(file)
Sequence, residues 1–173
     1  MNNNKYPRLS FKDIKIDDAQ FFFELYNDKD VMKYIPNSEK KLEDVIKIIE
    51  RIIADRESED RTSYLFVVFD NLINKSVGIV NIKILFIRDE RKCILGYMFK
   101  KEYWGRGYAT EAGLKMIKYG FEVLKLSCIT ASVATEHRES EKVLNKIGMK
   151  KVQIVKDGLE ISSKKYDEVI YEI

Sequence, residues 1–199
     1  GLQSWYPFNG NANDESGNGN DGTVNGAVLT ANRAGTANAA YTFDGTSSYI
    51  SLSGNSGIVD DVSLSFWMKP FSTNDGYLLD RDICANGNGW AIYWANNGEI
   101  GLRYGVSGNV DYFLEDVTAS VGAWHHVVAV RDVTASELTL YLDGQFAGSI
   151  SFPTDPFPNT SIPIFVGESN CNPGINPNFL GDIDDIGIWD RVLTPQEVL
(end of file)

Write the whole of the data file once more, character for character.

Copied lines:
Sequence, residues 1–173
     1  MNNNKYPRLS FKDIKIDDAQ FFFELYNDKD VMKYIPNSEK KLEDVIKIIE
    51  RIIADRESED RTSYLFVVFD NLINKSVGIV NIKILFIRDE RKCILGYMFK
   101  KEYWGRGYAT EAGLKMIKYG FEVLKLSCIT ASVATEHRES EKVLNKIGMK
   151  KVQIVKDGLE ISSKKYDEVI YEI

Sequence, residues 1–199
     1  GLQSWYPFNG NANDESGNGN DGTVNGAVLT ANRAGTANAA YTFDGTSSYI
    51  SLSGNSGIVD DVSLSFWMKP FSTNDGYLLD RDICANGNGW AIYWANNGEI
   101  GLRYGVSGNV DYFLEDVTAS VGAWHHVVAV RDVTASELTL YLDGQFAGSI
   151  SFPTDPFPNT SIPIFVGESN CNPGINPNFL GDIDDIGIWD RVLTPQEVL